Themba’s passion was football and together with his pal Sipho, used every spare minute to emulate his heroes – international stars Zidane, Ronaldo, or his South African idol Andile Khumalo. Together with his friends, Themba founded the “Lion Strikers”. This barefooted team reached the semi-finals of a youth tournament in the area. Among the spectators was the Head of the “All Star Academy” in Cape Town – John Jacobs (Jens Lehmann – former German national goalkeeper), and Andile Khumalo. Although the Lion Strikers lost in the finals, John Jacobs was simply flabbergasted by their performance that he promised to donate the teams football boots and gave Themba his visiting card.

Mandisa lost her job and was forced to make the journey to Cape Town to work as a domestic maid so as to support her family. She left her family in charge of her boyfriend, the unemployed alcoholic Luthando. Luthando turns out to a wild beast and attempts to rape Nomtha which Themba prevented and was himself raped in the process.

A nurse with an infected child at Rainbow Village/Photo: Karin Singh

There was no other alternative left but to go in search of the mother in Cape Town who had stopped communication with her family. After a long search, she was found in one of the poverty-ridden shantytowns living in squalor. She was on her death bed suffering from AIDS with which Luthambo infected her.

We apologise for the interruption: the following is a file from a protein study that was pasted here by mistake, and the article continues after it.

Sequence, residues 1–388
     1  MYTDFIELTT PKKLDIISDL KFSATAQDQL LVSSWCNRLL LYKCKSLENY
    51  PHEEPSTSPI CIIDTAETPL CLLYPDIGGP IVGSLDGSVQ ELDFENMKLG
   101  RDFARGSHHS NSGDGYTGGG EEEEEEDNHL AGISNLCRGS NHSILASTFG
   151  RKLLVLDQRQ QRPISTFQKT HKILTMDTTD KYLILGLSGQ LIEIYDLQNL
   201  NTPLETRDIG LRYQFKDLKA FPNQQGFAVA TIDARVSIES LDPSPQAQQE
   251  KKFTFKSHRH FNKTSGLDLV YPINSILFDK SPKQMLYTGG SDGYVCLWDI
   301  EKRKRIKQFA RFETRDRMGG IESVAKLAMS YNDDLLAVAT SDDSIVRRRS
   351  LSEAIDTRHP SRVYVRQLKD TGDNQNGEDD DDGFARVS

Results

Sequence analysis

Little Themba pushed heaven and earth to earn money to help his mother who finally landed in a hospital and received the treatment that was so badly needed. Themba managed to do this by taking on all sorts of jobs which were for grown ups only. He was desperate. He needed the money and in the process remembered the card John Jacobs had given him. At the Academy Jacobs remembered the young man and he was hired without hesitation and remunerated very handsomely. Thereafter there was no looking back on Themba’s football career.

Speaking to the press after an important match, he made a startling revelation. Themba confessed to being HIV-positive and refused to be ashamed of it. That was a brave and noble move with a clear message that he wants to go on living and continuing to play soccer for the national team.